PIPEDA’s Scope Expanded

Government takes strides to bring non-commercial activities under federal privacy law

With the federal Economic Action Plan 2015 Act, No. 1 (the Act)1 having received Royal Assent, the reach of the Personal Information Protection and Electronic Documents Act (PIPEDA) has been expanded to specified activities of enumerated non-commercial organizations set out in a new schedule to PIPEDA. The Act was originally tabled in May 2015 as Bill C-59, consisting of omnibus legislation to implement certain provisions of the federal budget, among other things. The provisions related to PIPEDA are in force as of June 23, 2015.

What You Need To Know

  • PIPEDA can apply to non-commercial activities. In addition to applying in respect of personal information that organizations collect, use or disclose in the course of commercial activities (or personal information about an employee that an organization that collects, uses or discloses in connection with the operation of a federal work, undertaking or business), PIPEDA now also applies to specific organizations and types of personal information set out in the new Schedule 4. Organizations that collect, use or disclose personal information in the conduct of interprovincial or international activities, even if those activities are non-commercial, may be brought under PIPEDA in the future.
  • Specific organizations and specific types of information are now listed. Currently, only one organization is listed on the new schedule—the World Anti-Doping Agency (WADA), a non-profit organization with offices in Montréal and Lausanne, Switzerland. Only personal information that WADA collects, uses or discloses in the course of its interprovincial or international activities is subject to PIPEDA. Significantly, WADA had specifically requested that its activities be brought within the jurisdiction of PIPEDA. In the future, Schedule 4 may be amended by order of the Governor in Council.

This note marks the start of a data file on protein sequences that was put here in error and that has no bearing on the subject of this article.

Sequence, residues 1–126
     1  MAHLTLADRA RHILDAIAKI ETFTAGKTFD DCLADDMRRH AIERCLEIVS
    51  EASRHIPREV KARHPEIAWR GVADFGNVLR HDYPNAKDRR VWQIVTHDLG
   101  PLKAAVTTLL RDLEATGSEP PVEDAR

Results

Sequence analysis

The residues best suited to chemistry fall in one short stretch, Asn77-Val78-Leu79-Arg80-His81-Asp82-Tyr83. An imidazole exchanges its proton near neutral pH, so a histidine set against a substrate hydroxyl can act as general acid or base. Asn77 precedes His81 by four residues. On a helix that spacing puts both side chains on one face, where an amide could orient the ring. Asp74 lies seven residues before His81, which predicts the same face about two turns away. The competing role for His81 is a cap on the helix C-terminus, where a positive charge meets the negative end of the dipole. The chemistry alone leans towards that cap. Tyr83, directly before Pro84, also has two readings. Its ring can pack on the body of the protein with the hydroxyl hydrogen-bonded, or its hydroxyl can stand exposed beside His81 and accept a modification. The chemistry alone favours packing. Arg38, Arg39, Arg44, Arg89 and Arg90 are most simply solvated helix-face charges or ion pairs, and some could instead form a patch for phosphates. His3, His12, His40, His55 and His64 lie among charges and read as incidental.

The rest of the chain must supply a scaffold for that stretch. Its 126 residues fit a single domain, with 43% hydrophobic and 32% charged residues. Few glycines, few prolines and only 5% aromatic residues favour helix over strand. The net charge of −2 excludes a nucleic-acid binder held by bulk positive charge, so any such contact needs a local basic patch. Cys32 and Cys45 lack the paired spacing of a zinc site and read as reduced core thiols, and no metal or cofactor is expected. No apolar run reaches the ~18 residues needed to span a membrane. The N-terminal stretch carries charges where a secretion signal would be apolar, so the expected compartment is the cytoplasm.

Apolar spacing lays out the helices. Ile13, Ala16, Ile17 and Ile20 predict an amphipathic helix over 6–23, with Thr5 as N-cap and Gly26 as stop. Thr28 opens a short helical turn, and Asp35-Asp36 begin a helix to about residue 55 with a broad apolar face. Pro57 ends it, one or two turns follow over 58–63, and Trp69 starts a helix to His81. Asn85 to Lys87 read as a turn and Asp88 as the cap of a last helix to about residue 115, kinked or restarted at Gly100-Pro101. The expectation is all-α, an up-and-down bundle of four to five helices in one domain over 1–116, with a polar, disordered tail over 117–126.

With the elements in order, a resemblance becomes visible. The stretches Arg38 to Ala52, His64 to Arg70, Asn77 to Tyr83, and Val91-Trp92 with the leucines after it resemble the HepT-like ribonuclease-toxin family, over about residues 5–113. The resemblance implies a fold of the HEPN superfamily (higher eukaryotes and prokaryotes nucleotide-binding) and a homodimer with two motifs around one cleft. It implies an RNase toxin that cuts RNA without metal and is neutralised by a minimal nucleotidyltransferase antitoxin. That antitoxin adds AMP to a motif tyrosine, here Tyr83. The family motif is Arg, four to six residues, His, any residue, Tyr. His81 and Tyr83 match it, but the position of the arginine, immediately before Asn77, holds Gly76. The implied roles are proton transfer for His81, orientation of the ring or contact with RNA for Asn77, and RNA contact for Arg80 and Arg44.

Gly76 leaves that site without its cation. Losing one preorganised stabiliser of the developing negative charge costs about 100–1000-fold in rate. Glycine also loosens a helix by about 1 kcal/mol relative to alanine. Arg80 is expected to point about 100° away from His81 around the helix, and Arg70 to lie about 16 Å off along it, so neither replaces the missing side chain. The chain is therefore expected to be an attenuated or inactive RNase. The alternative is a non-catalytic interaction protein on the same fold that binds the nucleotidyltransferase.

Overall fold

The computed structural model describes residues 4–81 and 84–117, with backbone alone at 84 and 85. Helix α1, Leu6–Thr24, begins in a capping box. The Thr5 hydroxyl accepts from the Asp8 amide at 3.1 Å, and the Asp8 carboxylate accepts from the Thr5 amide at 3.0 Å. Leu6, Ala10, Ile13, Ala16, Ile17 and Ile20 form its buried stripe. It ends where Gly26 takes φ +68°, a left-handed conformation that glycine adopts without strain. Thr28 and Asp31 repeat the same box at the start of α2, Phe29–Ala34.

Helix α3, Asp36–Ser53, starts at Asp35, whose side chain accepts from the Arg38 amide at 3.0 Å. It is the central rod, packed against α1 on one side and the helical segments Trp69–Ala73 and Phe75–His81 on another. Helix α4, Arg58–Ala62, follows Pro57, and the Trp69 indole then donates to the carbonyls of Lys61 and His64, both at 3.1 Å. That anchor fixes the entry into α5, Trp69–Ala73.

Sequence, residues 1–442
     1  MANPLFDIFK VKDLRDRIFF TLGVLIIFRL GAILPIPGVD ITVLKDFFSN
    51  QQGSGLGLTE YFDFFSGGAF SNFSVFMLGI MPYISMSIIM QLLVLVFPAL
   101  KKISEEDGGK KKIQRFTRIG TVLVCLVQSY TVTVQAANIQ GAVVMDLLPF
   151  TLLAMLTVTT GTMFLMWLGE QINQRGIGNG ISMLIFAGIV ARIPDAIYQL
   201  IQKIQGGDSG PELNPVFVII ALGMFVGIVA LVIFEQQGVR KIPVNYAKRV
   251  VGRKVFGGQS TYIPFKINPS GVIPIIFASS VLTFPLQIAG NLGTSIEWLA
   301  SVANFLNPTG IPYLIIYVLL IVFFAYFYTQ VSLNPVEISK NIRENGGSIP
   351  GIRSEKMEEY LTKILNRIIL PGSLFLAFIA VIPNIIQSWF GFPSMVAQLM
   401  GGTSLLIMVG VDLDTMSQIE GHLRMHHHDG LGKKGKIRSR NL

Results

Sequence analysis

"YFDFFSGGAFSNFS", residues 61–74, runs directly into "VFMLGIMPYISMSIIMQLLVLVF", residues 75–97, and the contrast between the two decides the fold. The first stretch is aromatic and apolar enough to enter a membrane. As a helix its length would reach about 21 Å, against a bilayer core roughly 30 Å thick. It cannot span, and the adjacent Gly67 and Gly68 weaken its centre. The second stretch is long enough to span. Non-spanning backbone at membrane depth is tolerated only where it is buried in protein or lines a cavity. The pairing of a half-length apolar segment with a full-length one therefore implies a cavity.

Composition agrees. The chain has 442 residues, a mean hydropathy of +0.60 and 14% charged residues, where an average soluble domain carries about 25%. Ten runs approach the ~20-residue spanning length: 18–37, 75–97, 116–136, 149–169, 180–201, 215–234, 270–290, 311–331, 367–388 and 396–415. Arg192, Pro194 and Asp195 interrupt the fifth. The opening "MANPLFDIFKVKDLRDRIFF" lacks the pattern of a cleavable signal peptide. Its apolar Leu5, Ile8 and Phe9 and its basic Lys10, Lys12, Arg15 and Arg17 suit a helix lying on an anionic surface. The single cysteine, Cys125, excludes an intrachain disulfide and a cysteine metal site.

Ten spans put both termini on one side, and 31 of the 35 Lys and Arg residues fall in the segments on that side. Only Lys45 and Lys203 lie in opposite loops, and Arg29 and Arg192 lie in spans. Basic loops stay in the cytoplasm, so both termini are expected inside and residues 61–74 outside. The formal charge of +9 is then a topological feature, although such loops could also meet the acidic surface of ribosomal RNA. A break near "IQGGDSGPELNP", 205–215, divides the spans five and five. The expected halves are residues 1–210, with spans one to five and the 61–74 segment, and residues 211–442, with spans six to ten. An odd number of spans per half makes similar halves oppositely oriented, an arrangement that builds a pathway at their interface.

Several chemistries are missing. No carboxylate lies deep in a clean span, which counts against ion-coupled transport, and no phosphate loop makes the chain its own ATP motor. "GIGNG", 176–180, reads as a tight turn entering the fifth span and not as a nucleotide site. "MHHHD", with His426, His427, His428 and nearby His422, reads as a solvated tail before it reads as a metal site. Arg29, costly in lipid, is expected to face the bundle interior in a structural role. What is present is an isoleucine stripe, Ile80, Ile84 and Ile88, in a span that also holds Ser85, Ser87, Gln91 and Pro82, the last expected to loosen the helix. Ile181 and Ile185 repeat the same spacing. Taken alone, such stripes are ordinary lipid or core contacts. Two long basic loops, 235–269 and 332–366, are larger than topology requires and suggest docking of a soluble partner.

• This targeted amendment may have broad constitutional consequences. The federal government proposed the amendment after a European Union advisory body concluded that WADA likely fell under the jurisdiction of Québec privacy laws rather than PIPEDA. Since Québec privacy laws had not been deemed compliant with the EU Data Protection Directive (Directive 95/46/EC), the advisory body held that personal information should not be transferred from WADA’s offices in Lausanne to Montreal. The advisory body’s conclusion was partly the result of confirmation from the Office of the Privacy Commissioner of Canada that WADA did not fall within PIPEDA because its activities were not of a commercial nature. In response, WADA approached the federal government to request that the organization and its use of information be added to the list of activities covered by PIPEDA. As a result, the federal government passed Bill C-59, amending PIPEDA to specifically include WADA.
    • Notably, Québec’s privacy legislation—which has been deemed domestically to be substantially similar to PIPEDA—was not subject to any public criticism on the merits of its requirements or protections. Rather, the EU’s concern appeared to rest on the more technical fact that the legislation has not been declared to be compliant with the EU Data Protection Directive.
    • Despite the targeted nature of this amendment and the current Schedule 4, the decision to include any non-commercial activities under PIPEDA raises constitutional considerations about the division of powers between federal and provincial governments. While Québec has not explicitly objected to the extension of PIPEDA over WADA, there was considerable debate between the province and the federal government when PIPEDA was first proposed in the late 1990s. PIPEDA was originally enacted pursuant to the federal power over trade and commerce, and commentators have raised the constitutional question of whether the reach of PIPEDA can lawfully extend to organizations not engaged in commercial activities.
  • The amendment provides increased (albeit still limited) certainty in the application of PIPEDA. Apart from the constitutional issue, these changes may provide more certainty for non-profit, non-commercial and comparable organizations that collect, use or disclose personal information. Organizations that do not conduct commercial activities and are not listed in Schedule 4 can have more confidence that they will not be retroactively deemed by the Privacy Commissioner or the courts to be subject to PIPEDA—if the government intended for their activities to be governed by PIPEDA it could have expressly added the organizations and activities to Schedule 4. That WADA specifically sought to be governed by PIPEDA may also provide comparable organizations with a route to obtaining additional certainty.

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* With assistance from Shalom Cumbo-Steinmetz, student-at-law.

1 S.C. 2015, c. 36.

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